This coming weekend marks the opening of “Woven Arts of the Andes: The Fabric of a Culture.”
This amazing art perspective clearly portrays the integral connection between the people of the Andes, the llama and the ancient methods of preparing, dyeing and weaving textiles. Central Sierra Arts Council is grateful for a chance to offer our locals and visitors a rare glimpse into one of the world’s oldest folk traditions: The weavings of the Quechuan people of the Andes. The methods of these traditional folk arts have survived for thousands of years, dating back as far as 3,000 BCE.
“The rich, vibrant colors of the dyed wools give the Quechuan weavings their distinct signature,” commented Laurie Livingston, one of the chairpeople for this exhibit. “One of my favorite discoveries has been the use of Cochineal beetle to create the brilliant reds in their textiles!” This beetle is a parasite, often found on Prickly Pear cacti. Traditionally the beetles are gathered by hand, and then processed to extract a rich crimson coloration that is widely used in textile arts and in fine art. “Of course, the Quehcuan weavers use many other plants for dyeing the llamas’ wool,” Livingston adds.
Inspired by the work and travels of George Caldwell and his wife Christine Dunham, the exhibition committee is creating a dynamic, interactive experience. Along with a gala reception to be held THIS weekend on Saturday, July 28th from 5PM to 7PM, this special exhibition will also involve weaving and spinning demonstrations by The Motherlode Weaving and Spinning Guild, guest lectures by Caldwell, and presentations by photographer and art professor, Laurie Sylwester. In addition, CSAC will offer performances of Peruvian folk tales by storyteller B.Z. Smith.
At the heart of this exhibition’s story are two prevailing themes:
Number One…What can Americans do to impact Peruvian culture in our harsh modern world? As contemporary society encroaches on centuries’ old traditions, long-held practices and manual techniques give way to “progress.” According to Caldwell, it is the llamas who suffer greatly. As the Quechuan lose their traditions and rituals, their spiritual reverence for the llama erodes and slips away. The results are disastrous as thousands of the adorable camelid are slaughtered for food. Caldwell hopes that his efforts to enlighten Americans on this story will spur keen interest in restoring the llama to its rightful role as a cultural icon, an ethereal spirit that connects two completely different worlds.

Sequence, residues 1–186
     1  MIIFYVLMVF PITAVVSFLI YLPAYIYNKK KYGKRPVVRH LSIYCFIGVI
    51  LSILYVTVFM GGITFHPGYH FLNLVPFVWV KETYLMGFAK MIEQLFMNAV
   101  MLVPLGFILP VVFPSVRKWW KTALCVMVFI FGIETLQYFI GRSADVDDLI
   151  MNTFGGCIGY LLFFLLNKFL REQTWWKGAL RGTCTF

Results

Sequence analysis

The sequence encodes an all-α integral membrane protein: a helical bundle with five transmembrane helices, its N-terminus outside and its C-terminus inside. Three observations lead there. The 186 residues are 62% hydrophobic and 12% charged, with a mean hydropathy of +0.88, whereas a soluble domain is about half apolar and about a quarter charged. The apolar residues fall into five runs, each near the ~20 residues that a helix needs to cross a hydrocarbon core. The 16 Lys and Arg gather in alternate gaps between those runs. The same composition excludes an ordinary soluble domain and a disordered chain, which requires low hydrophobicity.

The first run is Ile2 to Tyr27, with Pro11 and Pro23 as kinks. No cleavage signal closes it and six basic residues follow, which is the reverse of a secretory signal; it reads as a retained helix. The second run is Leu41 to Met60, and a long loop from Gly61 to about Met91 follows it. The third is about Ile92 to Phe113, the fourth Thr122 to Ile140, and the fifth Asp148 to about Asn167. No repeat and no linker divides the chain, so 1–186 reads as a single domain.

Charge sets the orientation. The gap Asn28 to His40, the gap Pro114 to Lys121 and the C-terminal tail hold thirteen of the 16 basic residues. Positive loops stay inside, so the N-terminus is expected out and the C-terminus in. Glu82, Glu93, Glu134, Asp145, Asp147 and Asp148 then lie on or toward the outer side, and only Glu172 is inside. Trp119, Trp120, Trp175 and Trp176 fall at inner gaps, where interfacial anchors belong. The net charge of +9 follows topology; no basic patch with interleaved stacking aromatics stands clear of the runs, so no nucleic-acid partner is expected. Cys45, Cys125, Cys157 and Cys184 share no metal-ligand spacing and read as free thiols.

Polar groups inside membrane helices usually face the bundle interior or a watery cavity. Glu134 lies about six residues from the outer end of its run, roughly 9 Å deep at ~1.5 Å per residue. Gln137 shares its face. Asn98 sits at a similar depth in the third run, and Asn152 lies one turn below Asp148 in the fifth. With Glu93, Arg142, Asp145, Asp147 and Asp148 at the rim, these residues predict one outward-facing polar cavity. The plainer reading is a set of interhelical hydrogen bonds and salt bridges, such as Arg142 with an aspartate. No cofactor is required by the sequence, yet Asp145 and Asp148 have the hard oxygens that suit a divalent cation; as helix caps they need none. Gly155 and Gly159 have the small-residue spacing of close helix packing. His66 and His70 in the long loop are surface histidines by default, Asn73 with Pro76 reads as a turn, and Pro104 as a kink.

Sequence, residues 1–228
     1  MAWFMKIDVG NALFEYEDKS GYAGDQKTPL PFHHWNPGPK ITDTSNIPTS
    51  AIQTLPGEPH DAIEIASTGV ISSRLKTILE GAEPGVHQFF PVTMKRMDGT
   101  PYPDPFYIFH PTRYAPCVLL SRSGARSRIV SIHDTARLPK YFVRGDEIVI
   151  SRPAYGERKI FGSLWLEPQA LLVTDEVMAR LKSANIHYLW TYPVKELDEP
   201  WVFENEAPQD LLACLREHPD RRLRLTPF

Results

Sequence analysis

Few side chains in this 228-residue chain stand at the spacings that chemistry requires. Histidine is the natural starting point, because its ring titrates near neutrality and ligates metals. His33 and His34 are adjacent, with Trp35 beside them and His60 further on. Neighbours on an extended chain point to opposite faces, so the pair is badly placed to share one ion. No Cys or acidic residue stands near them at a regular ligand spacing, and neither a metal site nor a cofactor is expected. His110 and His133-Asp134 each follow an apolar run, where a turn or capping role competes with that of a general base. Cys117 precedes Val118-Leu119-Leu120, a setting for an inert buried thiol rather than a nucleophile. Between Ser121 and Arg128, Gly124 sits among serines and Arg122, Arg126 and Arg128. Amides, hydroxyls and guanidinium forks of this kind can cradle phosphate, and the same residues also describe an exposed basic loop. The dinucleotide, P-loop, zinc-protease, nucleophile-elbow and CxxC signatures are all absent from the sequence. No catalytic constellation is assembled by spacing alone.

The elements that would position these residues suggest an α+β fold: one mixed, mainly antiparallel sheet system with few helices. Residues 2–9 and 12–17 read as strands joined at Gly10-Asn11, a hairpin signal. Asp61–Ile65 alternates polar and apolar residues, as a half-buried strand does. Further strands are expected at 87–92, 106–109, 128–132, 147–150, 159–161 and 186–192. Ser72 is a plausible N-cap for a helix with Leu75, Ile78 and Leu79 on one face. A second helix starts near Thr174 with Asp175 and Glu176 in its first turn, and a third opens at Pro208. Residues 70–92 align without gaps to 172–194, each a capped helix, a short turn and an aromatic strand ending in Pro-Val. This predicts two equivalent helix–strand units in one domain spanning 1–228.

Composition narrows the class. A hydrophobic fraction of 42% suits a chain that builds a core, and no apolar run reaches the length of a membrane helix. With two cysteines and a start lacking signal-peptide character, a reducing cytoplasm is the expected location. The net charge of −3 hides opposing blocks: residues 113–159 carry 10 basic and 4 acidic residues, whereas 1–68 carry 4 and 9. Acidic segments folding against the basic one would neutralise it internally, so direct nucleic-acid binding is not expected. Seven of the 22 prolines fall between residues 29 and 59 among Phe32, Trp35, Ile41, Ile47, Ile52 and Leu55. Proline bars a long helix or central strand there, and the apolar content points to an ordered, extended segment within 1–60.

Number Two…Through these traditional weavings, we are able to grasp the deep connection that lets us feel and see the very threads that unite us as a People. As visitors come to the exhibition they will be able to feel the rich history of this work. The very threads that bind us to one another will come into sharp focus. We will learn about the simple processes, not primitive at all, but skilled. We will then realize how these Andean weavings echo the Mexican, Southwestern and Asian textiles. We will become aware that many of the techniques and processes are cross-global; one ancient culture using the same methods as another that is more than 6000 miles and hundreds of years apart.
While George and Christine have certainly been the heartbeat of this new CSAC show, there is a person who has become key to its success: Laurie Livingston. Oh, Laurie will be the first to tell you that there are lots of folks working on this show. But we want to extend both a thank you and a warm welcome! Laurie moved to Tuolumne County barely a year ago. To help her get to know people, to find a way to make a genuine contribution to her new home, she volunteered to help out at CSAC. In no time she was appointed to the CSAC Board of Directors where she has taken on considerable layer of responsibility. A graphics designer, artist and writer, Laurie arrived with all the perquisites of being able to make an impact. So, from Los Angeles and the hub-bub of the urban pace, Laurie has found that life in rural California can be pretty busy, too. Everyone at CSAC is eternally grateful for her intelligence, enthusiasm, her vast knowledge and her kind nature. Thanks for letting us get to know you, Laurie! You readers, come on out for the reception on Saturday night to enjoy this beautiful show, exquisitely hung by Laurie, LuAnn Tillman and another graphics design treasure, John Lytle. While you’re there, seek her out and give Laurie your own “HillPeople Welcome.”